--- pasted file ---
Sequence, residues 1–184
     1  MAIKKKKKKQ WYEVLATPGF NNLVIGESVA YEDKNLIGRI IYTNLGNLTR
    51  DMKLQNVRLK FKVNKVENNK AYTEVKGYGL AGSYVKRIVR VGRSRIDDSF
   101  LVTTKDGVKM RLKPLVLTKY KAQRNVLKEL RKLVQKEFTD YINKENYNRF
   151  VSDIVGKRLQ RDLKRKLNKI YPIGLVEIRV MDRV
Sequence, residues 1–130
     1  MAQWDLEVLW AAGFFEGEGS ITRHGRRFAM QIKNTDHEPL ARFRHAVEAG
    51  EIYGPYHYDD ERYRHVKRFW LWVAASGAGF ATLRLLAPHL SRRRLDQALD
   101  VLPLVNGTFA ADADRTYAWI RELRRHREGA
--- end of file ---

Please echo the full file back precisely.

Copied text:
Sequence, residues 1–184
     1  MAIKKKKKKQ WYEVLATPGF NNLVIGESVA YEDKNLIGRI IYTNLGNLTR
    51  DMKLQNVRLK FKVNKVENNK AYTEVKGYGL AGSYVKRIVR VGRSRIDDSF
   101  LVTTKDGVKM RLKPLVLTKY KAQRNVLKEL RKLVQKEFTD YINKENYNRF
   151  VSDIVGKRLQ RDLKRKLNKI YPIGLVEIRV MDRV
Sequence, residues 1–130
     1  MAQWDLEVLW AAGFFEGEGS ITRHGRRFAM QIKNTDHEPL ARFRHAVEAG
    51  EIYGPYHYDD ERYRHVKRFW LWVAASGAGF ATLRLLAPHL SRRRLDQALD
   101  VLPLVNGTFA ADADRTYAWI RELRRHREGA